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The Cat's Table [Deckle Edge] [Paperback]

Michael Ondaatje
3.7 out of 5 stars  See all reviews (36 customer reviews)
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Book Description

June 12 2012

In the early 1950s in Ceylon an eleven-year-old boy is put alone aboard a ship bound for England. At mealtimes he is seated at the insignificant "cat's table"--as far from the Captain's table as can be--with two other lone boys and a small group of strange fellow passengers: one appears to be a shadowy figure from the British Secret Service; another a mysterious thief, another seems all too familiar with the dangerous ways of women and crime. On the long sea voyage across the Indian Ocean and through the Suez Canal, the three boys rush from one wild adventure and startling discovery to another: experiencing the first stirrings of desire, spying at night on a notorious shackled prisoner, moving easily between the decks and holds of the ship. As the secretive adult world is slowly revealed, they begin to realize that a drama is unfolding on board, and the prisoner's crime and fate will be a galvanizing mystery that will haunt them and link them forever.

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"A completely original orchestration of a coming-of-age story, memoir, maritime adventure as powerful as Conrad or Stevenson.... Astonishing."
—Howard Norman, The Globe and Mail

"Ondaatje's most accessible, most compelling novel to date."
—Robert J Wiersema, The Vancouver Sun

"Michael Ondaatje is the greatest living writer in the English language.... All that is great in his other books is fully present in The Cat's Table."
—Aleksander Hemon, The Wall Street Journal (Favourite Book of 2011)

"The most beautiful, haunting and ageless book I've read this year."
—Pico Iyer, The Hindu

About the Author

MICHAEL ONDAATJE is the author of five previous novels, a memoir, a nonfiction book on film, and several books of poetry. The English Patient won the Booker Prize; Anil's Ghost won the Irish Times International Fiction Prize, the Giller Prize, and the Prix Médicis. Born in Sri Lanka, Ondaatje now lives in Toronto.

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Customer Reviews

Most helpful customer reviews
60 of 62 people found the following review helpful
By Friederike Knabe TOP 100 REVIEWER
Format:Hardcover|Verified Purchase
In his new novel, The Cat's Table, Michael Ondaatje imagines a young boy's three-week sea voyage across the oceans, from his home in Colombo, Sri Lanka (then Ceylon) to England. Surprisingly, the eleven-year-old travels alone and is, not surprisingly, allocated to the "lowly" Cat's Table, where he joins an odd assortment of adults and two other boys of similar age. In the voice of young "Michael", Ondaatje shares the boys' adventures on the ship with charming immediacy, while an older, adult "Michael" looks over his shoulder, first hardly noticeable, and later, more and more directly reflecting on his own recollections and more. Are we reading a childhood memoir of sorts, a coming-of-age story, a personal journey into the past? Are we reading fact or fiction? May be, all of it. The parallels to the author's life are easily spotted: a childhood in Ceylon, a nineteen fifties journey by ship from there to England... Other parallels to the author's life come into view in the course of the book. Also, Ondaatje suggests in the first pages: "I try to imagine who the boy on the ship was..." In the Author's Note (at the end of the book) Ondaatje is as clear and opaque as can be. If you don't want to know, don't look at the end and discover the journey as it unfolds.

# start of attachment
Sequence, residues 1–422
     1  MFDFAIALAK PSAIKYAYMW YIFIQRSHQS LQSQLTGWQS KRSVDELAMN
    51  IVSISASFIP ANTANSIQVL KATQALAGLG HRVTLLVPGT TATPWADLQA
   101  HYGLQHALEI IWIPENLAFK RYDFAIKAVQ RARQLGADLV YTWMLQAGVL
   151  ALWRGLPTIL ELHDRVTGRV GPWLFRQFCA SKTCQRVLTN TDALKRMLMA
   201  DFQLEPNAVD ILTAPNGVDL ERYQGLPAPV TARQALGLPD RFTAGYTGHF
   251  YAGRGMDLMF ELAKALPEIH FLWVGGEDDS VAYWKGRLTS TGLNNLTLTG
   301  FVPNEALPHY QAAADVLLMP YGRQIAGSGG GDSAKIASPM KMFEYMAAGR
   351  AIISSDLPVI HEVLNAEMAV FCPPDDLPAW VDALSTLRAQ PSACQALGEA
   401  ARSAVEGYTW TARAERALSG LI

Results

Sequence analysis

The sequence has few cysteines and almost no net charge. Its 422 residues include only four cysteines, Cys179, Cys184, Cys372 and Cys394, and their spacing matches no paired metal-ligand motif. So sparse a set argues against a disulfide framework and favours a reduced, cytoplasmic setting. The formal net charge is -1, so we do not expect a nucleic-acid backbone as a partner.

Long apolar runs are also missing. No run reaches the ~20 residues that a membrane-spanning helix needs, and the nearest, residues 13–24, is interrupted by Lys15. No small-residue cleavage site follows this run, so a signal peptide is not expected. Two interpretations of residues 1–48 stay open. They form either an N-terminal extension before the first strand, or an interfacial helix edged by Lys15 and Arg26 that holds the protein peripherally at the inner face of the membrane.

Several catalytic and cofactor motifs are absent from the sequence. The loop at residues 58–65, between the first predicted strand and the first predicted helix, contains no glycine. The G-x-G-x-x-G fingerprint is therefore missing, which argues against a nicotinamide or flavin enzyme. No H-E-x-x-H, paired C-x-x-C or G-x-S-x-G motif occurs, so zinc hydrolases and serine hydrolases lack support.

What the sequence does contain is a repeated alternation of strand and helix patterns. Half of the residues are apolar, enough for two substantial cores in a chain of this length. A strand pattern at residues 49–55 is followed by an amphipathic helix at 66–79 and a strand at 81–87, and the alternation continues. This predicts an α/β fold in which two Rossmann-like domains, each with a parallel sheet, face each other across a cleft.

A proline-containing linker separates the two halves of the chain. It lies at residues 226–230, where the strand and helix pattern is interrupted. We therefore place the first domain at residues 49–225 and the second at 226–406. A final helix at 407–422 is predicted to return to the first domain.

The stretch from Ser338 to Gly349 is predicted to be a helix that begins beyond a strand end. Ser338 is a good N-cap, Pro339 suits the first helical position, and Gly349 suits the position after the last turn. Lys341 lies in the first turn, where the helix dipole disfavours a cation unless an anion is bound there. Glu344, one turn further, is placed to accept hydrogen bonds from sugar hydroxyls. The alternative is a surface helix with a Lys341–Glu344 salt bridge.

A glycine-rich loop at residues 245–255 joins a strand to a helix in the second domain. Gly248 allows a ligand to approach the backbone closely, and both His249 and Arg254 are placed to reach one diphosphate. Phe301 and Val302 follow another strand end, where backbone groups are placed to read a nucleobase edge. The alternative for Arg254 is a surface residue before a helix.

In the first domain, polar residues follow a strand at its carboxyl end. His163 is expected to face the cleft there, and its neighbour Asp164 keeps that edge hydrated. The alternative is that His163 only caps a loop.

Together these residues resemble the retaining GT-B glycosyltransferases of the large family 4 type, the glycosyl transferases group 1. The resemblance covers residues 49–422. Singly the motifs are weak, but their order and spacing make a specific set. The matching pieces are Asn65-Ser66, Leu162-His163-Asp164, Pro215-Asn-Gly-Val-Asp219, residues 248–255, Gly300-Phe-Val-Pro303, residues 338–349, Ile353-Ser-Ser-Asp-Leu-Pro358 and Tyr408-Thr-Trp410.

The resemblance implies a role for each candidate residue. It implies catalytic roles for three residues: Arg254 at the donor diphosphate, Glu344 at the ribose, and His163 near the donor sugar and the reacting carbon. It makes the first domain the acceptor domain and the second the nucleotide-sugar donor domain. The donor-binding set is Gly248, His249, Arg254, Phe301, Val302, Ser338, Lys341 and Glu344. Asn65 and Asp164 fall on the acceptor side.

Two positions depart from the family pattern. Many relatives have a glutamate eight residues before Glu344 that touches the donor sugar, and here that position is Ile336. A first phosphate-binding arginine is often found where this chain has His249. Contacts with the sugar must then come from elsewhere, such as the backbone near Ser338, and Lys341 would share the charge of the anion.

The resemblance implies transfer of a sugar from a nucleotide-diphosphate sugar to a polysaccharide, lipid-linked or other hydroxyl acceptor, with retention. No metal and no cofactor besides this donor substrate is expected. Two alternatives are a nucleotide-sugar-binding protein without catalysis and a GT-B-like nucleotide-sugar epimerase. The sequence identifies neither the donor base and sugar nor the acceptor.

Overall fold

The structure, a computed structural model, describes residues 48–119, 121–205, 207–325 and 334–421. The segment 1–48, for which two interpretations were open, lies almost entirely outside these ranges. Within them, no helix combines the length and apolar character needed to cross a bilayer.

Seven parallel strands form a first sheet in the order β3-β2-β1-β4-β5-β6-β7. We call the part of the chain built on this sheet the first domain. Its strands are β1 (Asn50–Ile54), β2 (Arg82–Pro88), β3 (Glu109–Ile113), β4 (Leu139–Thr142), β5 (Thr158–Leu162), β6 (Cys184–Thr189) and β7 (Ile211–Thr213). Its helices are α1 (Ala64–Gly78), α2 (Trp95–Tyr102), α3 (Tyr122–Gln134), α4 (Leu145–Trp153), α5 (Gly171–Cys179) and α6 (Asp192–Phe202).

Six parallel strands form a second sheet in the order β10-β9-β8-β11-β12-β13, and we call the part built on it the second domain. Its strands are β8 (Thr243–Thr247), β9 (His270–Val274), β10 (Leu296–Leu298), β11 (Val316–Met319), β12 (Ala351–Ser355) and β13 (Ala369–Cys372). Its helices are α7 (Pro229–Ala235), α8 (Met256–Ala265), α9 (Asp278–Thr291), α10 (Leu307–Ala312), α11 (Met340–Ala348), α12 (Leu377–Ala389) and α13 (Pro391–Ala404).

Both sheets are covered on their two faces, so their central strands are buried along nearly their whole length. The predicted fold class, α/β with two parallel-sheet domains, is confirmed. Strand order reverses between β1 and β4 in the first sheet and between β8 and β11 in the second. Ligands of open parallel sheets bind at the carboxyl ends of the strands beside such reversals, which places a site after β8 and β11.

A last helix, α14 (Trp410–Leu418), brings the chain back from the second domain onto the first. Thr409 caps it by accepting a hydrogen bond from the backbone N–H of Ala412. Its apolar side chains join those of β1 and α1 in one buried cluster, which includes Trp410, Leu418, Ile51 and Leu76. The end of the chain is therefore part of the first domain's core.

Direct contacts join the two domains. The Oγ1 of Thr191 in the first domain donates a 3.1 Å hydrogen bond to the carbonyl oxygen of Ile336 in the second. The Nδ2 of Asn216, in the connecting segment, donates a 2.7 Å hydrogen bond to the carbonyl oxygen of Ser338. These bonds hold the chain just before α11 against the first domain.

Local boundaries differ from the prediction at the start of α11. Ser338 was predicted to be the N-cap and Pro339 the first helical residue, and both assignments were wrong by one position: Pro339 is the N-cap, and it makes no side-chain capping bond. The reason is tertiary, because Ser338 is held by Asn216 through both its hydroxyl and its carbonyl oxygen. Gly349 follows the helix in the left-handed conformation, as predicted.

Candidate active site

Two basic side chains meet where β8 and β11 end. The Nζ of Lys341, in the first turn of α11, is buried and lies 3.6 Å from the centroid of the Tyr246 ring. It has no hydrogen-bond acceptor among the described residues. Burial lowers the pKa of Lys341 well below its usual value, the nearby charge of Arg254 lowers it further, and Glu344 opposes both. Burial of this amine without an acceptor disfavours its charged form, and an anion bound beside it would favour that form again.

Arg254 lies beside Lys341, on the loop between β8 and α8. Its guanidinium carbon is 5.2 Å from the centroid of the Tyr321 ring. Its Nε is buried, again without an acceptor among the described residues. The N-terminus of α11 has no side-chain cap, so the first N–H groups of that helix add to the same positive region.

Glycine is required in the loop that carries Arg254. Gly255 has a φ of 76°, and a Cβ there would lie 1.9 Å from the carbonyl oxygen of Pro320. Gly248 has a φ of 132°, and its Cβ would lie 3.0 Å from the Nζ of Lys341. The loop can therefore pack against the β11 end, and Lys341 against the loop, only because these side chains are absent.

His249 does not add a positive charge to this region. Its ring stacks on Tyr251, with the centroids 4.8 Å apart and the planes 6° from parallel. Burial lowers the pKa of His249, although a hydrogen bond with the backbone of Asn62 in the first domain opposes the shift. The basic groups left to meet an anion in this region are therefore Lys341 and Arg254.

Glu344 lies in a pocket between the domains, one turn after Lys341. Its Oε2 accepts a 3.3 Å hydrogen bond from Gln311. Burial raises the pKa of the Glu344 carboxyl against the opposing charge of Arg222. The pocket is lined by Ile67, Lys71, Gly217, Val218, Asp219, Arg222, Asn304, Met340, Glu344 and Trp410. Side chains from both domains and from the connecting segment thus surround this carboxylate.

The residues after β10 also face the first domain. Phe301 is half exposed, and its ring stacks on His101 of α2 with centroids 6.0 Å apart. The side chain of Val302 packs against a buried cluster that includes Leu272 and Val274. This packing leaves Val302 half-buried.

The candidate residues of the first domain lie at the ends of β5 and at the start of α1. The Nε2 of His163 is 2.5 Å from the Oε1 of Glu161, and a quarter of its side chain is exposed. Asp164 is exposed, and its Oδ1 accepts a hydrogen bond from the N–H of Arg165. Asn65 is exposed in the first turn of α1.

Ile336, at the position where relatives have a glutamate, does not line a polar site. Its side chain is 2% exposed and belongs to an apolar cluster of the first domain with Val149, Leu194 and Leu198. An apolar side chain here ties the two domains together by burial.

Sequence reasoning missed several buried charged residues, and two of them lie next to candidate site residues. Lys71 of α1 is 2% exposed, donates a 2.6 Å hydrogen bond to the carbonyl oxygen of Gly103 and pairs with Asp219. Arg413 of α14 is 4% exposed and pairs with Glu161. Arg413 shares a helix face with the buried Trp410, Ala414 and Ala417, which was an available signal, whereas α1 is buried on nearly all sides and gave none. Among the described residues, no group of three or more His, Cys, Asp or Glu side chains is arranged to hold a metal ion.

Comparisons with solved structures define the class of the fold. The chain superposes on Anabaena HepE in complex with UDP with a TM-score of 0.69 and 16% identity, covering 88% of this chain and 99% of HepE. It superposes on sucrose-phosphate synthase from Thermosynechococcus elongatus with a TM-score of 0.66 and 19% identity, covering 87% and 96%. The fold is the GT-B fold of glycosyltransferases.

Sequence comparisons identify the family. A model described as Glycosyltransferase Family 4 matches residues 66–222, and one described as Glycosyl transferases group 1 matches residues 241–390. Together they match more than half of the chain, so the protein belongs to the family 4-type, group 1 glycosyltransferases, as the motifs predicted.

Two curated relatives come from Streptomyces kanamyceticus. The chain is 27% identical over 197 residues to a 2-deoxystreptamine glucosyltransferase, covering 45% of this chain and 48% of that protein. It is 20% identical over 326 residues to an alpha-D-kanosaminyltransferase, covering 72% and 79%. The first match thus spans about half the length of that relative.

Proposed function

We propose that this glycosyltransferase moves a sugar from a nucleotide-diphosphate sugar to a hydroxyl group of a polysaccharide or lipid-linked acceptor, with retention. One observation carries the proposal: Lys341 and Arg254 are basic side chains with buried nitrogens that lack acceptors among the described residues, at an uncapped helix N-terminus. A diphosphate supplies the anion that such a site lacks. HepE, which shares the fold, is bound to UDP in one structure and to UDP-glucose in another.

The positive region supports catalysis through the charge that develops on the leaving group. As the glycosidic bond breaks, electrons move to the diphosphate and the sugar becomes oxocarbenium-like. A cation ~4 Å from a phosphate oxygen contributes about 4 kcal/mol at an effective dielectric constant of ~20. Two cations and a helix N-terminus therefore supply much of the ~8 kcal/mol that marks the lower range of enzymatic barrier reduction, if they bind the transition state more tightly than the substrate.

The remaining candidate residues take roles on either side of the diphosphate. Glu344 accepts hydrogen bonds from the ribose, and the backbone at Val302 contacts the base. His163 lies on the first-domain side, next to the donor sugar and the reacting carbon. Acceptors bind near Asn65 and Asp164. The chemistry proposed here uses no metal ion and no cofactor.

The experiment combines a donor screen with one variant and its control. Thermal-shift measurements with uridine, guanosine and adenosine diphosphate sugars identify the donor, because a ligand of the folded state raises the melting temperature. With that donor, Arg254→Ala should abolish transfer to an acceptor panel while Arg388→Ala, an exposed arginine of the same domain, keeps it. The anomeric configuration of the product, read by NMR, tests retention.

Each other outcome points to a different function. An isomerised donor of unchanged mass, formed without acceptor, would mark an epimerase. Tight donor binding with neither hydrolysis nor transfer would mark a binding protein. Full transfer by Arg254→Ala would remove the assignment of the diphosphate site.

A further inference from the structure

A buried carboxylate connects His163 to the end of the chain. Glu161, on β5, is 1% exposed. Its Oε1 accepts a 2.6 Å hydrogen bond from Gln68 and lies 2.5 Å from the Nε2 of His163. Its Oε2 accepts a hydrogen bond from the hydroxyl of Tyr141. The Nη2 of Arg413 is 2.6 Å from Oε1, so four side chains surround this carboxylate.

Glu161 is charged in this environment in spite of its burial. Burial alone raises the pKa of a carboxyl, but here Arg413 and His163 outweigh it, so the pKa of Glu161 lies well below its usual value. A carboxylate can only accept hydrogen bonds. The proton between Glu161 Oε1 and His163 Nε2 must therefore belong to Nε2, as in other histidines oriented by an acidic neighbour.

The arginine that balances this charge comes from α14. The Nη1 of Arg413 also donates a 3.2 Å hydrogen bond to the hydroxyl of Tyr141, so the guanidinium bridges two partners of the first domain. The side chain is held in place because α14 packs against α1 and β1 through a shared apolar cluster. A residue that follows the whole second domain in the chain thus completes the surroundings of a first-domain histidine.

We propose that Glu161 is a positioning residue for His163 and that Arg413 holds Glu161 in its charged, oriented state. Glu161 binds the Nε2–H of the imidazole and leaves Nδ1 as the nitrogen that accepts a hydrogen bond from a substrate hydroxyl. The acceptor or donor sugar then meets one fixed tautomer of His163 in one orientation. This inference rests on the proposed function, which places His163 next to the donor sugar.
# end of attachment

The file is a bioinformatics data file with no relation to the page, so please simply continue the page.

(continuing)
Young Michael and his two new friends, Cassius and Ramadhin, become soon inseparable. They freely roam the huge ship, exploring any nook and cranny they can get into, especially during nights. Cassius is the rambunctious, Ramadhin, the cautious, more reasonable one, conscious of his "weak heart". Michael describes himself as a "follower".
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6 of 6 people found the following review helpful
4.0 out of 5 stars More Bookish Thoughts... Sept. 25 2011
By Reader Writer Runner TOP 50 REVIEWER
I willingly admit that Michael Ondaatje's novels do not rank among my favourites; I found "The English Patient" melodramatic, "Anil's Ghost" tedious and "In The Skin of a Lion" only barely engaging. However, when a Canadian literary icon releases a new and critically acclaimed novel, I have to jump on the bandwagon so as not to miss out.

During a recent interview, Ondaatje quipped that the story line of "The Cat's Table" consists of, "A boy [Michael] getting on a boat...and getting off a boat." Fortunately, the plot develops beyond such a reduction. On a 1950s voyage from Ceylon (now Sri Lanka) to England, the reader meets three young boys who, free from adult guardians, find opportunities to spy, assist in burglary, smoke unknown substances, and speculate on human behavior. A slew of eccentrics join these boys at their dining table, sharing world knowledge and personal stories: a tailor, a botanist, a burned-out pianist, a retired ship junker and a mysterious spinster. A chained murderer, a deaf girl, an upper-class woman who largely neglects her role as Michael's caretaker and Michael's comely cousin complete the novel's cast of skillfully manipulated and mysterious characters. Each personality harbours secrets, which emerge both on board the Oronsay and during the flash-forwards that dominate the book's latter half.